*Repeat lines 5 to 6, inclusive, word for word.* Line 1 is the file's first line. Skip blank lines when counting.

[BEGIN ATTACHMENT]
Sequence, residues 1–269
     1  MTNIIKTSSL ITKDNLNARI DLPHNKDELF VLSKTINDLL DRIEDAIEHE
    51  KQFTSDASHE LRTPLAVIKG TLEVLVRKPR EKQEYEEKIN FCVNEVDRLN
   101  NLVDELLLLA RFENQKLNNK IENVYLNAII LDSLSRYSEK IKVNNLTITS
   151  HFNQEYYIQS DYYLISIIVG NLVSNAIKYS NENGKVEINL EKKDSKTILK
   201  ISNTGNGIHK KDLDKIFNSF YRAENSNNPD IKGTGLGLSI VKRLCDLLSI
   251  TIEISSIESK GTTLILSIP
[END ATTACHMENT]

   151  HFNQEYYIQS DYYLISIIVG NLVSNAIKYS NENGKVEINL EKKDSKTILK
   201  ISNTGNGIHK KDLDKIFNSF YRAENSNNPD IKGTGLGLSI VKRLCDLLSI